Wednesday, April 13, 2011

Rip Van Winkle at the Library of Congress

There's nothing like a trip to the Library of Congress to lift my spirits--and to induce me to ponder the upsides and downsides of modern technology.

For those who have never experienced its delights, let me explain that the Library of Congress--and in particular the august Main Reading Room--is a shrine to that now almost obsolete format (or should I say "platform"?), The Book. The high-domed reading room is adorned with such a profusion of ornate marble and imposing allegorical figures representing all things book-related that it can sometimes be hard to concentrate on the actual, usually rather modest-looking, book in front of you.

But the Library's collection is far from modest. It's basically everything that's ever been published in this country, and a lot that's been published outside it--plus unpublished letters, diaries, maps, drawings. You name it. All brought to you on a silver platter (metaphorically speaking) a mere 30 to 90 minutes after you fill out a call slip with one of those tiny eraserless pencils otherwise reserved for keeping score in miniature golf. And all this for free--or rather, paid for by tax dollars. For my money, it's tax revenue well spent.

But as to technology: yesterday I had an experience in the Reading Room that illustrated the ways in which old-fashioned book-related research methods can lead to serendipitous discoveries. I had requested a scholarly article on the Baltimore Almshouse, which I thought might be relevant to the novel I'm now researching (one of my characters is based on an early 19th-century Baltimore doctor who tended to the poor). As it turned out, the article dealt with the wrong time period. But in the same bound volume of the scholarly magazine I found another article--on the Baltimore yellow fever epidemic of 1800--that I eagerly realized was right up my alley. I learned that the predicament of the poor during the epidemic led to the founding of the Baltimore Dispensary, where my doctor was a key player.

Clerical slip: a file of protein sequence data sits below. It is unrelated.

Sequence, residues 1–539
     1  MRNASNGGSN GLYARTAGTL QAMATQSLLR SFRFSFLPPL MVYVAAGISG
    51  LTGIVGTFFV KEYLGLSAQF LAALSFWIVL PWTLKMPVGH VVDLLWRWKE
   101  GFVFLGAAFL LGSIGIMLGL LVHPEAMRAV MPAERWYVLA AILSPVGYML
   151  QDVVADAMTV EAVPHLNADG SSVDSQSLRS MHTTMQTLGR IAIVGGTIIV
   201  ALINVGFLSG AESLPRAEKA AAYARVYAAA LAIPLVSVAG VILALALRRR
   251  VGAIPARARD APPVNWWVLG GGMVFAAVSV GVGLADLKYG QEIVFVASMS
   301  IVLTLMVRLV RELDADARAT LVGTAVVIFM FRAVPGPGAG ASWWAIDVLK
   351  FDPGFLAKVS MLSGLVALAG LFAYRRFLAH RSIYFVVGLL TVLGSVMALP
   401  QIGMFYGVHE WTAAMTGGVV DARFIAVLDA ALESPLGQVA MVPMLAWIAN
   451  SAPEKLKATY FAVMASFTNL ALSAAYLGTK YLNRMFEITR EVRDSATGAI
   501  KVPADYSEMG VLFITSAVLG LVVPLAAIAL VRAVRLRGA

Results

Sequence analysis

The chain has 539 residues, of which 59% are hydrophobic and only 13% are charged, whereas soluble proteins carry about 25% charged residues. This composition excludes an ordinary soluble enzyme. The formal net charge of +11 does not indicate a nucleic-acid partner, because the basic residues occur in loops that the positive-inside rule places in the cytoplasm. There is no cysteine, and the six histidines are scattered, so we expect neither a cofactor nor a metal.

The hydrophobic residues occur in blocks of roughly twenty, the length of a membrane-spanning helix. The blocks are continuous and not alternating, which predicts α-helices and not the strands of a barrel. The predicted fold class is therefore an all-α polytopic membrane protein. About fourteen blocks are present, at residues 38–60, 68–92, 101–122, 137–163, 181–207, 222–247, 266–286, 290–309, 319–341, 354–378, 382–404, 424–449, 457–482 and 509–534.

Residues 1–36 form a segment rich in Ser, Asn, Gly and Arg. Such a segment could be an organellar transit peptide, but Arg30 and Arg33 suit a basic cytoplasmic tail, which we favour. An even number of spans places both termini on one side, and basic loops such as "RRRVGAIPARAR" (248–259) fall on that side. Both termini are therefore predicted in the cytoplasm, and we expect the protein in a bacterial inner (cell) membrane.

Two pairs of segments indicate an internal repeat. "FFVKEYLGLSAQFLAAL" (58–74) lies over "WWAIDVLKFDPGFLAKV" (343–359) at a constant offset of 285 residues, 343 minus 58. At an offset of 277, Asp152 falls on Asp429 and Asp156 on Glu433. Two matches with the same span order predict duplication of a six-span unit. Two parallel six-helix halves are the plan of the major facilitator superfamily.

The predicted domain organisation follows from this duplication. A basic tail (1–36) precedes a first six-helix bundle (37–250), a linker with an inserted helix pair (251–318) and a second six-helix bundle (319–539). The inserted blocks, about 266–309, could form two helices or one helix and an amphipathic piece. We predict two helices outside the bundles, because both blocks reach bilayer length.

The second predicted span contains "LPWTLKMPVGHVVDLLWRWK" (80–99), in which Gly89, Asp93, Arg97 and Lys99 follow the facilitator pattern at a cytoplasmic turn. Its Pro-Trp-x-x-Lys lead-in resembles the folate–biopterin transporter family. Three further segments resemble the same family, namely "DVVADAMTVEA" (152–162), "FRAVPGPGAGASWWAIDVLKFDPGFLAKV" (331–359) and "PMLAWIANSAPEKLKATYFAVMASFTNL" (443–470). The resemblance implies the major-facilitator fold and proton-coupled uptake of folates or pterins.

What does technology have to do with this? Well, if I'd looked at the Almshouse article online--in isolation rather than in a bound volume with other articles--I never would have come across the yellow fever article.

On the other hand ... after reading the yellow fever article I made my way down the hall to the Microform Reading Room, which is something of a letdown after the Main Reading Room. The last time I was there, perhaps a year ago, it looked like a forgotten broom closet that for some reason had been stocked with recalcitrant, creaky microfilm readers. It still looks like a broom closet, but the old microfilm readers have now been banished to a back room (and the back room of a broom closet is a pretty ignominious place to be banished). In their place stood sleek little black models perched next to equally sleek computer screens.

A friendly librarian, noting my confusion, explained that the new microfilm readers were actually hooked up to the computers: you viewed the images on the monitors, where you could enlarge or darken them or rotate them with the click of a mouse. Not only that, she told me, you didn't have to copy things the old way: by pressing a button that caused the image to be temporarily sucked into the bowels of the microfilm reader, only to emerge as an often illegible hard copy at twenty-five cents a pop. Now you could simply copy the images to a flash drive, take them back home, and insert them into your own computer.